Israel Declares Ceasefire in Gaza; Militants Fire Rockets

Israel Declares Ceasefire in Gaza; Militants Fire Rockets
Israel Declares Ceasefire in Gaza; Militants Fire Rockets
Ending its three-week offensive against Hamas in the Gaza Strip that left over 1,200 people dead, Israel today declared a unilateral ceasefire, but Palestinian militants fired a barrage rockets into the Jewish state hours after the "fragile" truce took hold stoking fears of fresh violence.

The ceasefire came into effect at 2 am local time (0530 HRS IST) after Israeli Premier Ehud Olmert made an announcement in this regard last night.

"We have reached all the goals of the war, and beyond," Olmert said. "Hamas was hit hard, in its military arms and in its government institutions. Its leaders are in hiding and many of its men have been killed."

The truce was announced after 22 days of fighting that killed over 1,200 Palestinians, half of them civilians, according to Palestinian and UN officials. Thirteen Israelis, including three civilians, also died.

Responding to the Israeli announcement, Hamas said it did not consider Olmert's declaration a ceasefire as long as Israeli troops remain in the Palestinian territory.

"The troops on the ground is a declaration of war against the Palestinians," Osama Hamdan, a representative of Hamas which rules Gaza, was quoted as saying.

Hours after the truce came into effect, Gaza militants fired a volley of rockets into southern Israel and exchanged fire with troops in northern Gaza, reports reaching here said.

After the rocket attack, Olmert warned that the ceasefire was being reassessed. It has been proved again this morning that the ceasefire "is fragile and it has to be reassessed on minute by minute basis," he was quoted as saying by the media.

 The Qassam rockets were fired by Palestinian militants into Israel's Sderot area seven hours after Tel Aviv's ceasefire went into effect, but no one was injured.

The gunfire exchange in northern Gaza occurred after Palestinian gunmen opened fire on Israeli forces, forcing them to retaliate, the Israeli military was quoted as saying.

Israeli Defence Minister Ehud Barak had also said last night that there was "no guarantee" that Hamas would stop firing rockets and asserted that the army would retaliate if it happened.

Israel had launched the offensive in Gaza with the aim of stopping the barrage of rockets fired by Hamas fighters from the territory into southern Israel.

Olmert last night said that the Israeli forces would continue to be deployed in Gaza and its surroundings.

"Our fight is not with the people of Gaza," Olmert had said at a press conference in Tel Aviv after a security cabinet meeting.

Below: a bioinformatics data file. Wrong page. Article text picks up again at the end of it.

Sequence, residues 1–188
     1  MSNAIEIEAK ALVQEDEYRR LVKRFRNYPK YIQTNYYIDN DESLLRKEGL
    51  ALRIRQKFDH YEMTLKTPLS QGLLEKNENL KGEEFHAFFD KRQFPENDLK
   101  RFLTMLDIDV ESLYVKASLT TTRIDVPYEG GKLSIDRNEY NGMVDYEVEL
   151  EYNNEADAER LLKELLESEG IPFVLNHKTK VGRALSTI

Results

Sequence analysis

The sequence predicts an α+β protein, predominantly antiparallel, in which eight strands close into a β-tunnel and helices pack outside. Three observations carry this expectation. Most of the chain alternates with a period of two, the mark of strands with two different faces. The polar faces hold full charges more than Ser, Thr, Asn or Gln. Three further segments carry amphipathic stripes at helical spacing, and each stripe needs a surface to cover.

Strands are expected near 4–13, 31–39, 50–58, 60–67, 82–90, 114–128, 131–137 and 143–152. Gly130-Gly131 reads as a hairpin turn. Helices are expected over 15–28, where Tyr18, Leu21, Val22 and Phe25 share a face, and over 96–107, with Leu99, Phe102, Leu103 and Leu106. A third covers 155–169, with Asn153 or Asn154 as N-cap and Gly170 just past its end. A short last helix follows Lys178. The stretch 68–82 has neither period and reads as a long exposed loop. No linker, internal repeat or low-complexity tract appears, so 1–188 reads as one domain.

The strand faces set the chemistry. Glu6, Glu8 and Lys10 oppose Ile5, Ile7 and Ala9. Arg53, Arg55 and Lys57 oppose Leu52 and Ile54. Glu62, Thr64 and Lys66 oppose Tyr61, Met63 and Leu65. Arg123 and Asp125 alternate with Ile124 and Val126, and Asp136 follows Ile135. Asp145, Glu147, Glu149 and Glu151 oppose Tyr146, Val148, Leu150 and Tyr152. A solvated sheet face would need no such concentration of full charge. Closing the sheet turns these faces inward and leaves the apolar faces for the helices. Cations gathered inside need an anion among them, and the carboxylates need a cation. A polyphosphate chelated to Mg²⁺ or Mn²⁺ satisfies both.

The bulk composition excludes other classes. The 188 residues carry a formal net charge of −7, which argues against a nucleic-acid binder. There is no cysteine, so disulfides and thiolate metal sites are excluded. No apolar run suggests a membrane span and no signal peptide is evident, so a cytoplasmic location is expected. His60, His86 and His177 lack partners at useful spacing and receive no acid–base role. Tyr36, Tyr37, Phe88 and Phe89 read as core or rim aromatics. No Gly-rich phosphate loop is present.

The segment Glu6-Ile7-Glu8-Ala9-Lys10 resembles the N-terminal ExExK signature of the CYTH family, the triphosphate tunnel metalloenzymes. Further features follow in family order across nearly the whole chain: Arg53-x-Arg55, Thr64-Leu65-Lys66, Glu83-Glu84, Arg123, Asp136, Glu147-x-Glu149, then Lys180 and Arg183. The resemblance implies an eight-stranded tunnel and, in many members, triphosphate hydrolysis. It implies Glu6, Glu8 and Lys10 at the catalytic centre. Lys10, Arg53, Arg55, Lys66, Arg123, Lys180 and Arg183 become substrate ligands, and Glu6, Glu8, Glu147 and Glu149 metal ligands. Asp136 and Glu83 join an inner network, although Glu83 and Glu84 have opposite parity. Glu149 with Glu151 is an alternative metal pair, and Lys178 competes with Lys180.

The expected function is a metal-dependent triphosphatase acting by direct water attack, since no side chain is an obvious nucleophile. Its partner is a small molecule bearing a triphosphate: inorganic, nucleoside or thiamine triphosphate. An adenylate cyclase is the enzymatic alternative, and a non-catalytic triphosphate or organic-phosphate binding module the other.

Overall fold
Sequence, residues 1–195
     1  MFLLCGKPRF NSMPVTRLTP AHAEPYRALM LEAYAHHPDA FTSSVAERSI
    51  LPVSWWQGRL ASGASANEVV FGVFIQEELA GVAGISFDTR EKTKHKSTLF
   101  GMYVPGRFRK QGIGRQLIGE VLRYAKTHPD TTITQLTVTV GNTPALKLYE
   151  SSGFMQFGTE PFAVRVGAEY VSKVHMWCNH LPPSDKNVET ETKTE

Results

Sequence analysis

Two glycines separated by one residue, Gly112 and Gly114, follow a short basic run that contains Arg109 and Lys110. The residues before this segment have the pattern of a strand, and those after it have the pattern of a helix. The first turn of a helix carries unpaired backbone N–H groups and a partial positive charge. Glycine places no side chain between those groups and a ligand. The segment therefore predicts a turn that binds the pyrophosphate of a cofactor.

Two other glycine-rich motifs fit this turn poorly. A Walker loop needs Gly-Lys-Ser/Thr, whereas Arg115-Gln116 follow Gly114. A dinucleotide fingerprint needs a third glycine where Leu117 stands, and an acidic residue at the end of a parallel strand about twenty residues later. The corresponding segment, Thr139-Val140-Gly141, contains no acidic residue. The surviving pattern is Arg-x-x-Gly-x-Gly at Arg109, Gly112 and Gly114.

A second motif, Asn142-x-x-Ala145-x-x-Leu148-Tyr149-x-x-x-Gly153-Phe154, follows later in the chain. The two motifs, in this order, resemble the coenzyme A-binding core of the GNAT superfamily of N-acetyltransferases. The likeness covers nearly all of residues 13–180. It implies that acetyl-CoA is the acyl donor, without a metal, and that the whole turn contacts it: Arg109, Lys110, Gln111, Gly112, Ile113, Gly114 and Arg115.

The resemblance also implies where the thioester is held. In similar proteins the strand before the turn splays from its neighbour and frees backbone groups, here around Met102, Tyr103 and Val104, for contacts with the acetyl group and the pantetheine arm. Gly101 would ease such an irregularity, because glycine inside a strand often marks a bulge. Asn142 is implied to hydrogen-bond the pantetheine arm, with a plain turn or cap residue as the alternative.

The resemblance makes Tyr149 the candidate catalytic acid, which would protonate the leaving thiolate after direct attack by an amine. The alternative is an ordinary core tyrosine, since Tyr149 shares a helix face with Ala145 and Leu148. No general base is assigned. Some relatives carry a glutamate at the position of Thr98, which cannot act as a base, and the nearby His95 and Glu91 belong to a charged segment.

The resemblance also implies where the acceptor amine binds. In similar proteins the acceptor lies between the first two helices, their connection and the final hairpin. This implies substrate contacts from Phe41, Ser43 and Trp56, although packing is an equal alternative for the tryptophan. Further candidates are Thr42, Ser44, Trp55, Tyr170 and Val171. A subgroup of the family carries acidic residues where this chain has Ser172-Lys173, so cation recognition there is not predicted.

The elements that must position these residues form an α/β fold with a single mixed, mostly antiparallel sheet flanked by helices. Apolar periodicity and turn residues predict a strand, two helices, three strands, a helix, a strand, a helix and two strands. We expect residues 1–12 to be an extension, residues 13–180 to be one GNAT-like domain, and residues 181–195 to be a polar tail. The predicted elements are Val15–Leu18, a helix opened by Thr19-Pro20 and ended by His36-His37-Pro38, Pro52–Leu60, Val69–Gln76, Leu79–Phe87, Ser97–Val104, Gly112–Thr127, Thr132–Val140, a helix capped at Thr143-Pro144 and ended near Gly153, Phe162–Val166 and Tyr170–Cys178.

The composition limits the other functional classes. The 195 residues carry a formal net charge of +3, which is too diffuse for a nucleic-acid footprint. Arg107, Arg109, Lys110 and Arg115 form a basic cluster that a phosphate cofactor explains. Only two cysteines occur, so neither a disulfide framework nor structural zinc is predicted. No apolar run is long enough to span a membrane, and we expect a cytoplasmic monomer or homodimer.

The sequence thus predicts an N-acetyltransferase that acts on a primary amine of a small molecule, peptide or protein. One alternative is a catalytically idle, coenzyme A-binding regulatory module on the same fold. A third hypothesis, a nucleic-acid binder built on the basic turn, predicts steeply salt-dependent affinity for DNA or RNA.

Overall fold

"We left Gaza in 2005 with the intention of never returning," he said, referring to Tel Aviv's unilateral withdrawal of troops and settlers from the territory under former prime minister Ariel Sharon.

However, Olmert said, "if Hamas entirely ends its rocket fire on Israel, Israel will consider an IDF (Israeli Defence Forces) withdrawal from the Gaza Strip."

In his reaction, Saeb Erakat, the chief Palestinian negotiator during diplomatic talks about the conflict, noted that Olmert did not say Israeli troops would be leaving Gaza.

"I'm afraid this means the ceasefire will not stand -- it will break," Erakat told CNN. "Anybody can fire a shot now ... . It's a very fragile moment."

Islamic Jihad, an extremist group operating in Gaza, said the ceasefire was an Israeli decision that would not impact its actions, the report said.

 Quoting Palestinian medics, the reports reaching here said that at least 40 bodies, including that of children, were pulled from the rubble in Gaza on the first day of the truce.

The Israeli unilateral ceasefire came two days before the US President-elect Barack Obama's inauguration on January 20.

It also came ahead of an international summit being hosted by Egypt and attended by several European leaders and UN chief Ban Ki-moon, in a bid to bring lasting peace to the troubled region.

Outgoing US Secretary of State Condoleezza Rice welcomed Israel's decision to declare unilateral ceasefire in the Gaza Strip and highlighted the need for "durable and fully respected" truce in the troubled Middle East region.

"The United States welcomes the cessation of hostilities in Gaza announced by Israel and expects that all parties will cease attacks and hostile actions immediately," Secretary of State Condoleezza Rice said in a statement in Washington.

Rice, however, maintained that the goal remained a "durable and fully respected" ceasefire that would lead to stabilisation and normalisation in Gaza.

Expressing relief over Tel Aviv's decision to end military action in Gaza, United Nations Secretary General Ban Ki-moon called upon Hamas to stop firing of rockets into southern Israel.

In a statement, Ban described Tel Aviv's decision as the "first step" towards establishing a "durable and sustainable" ceasefire leading to the full withdrawal of Israeli troops from Gaza.

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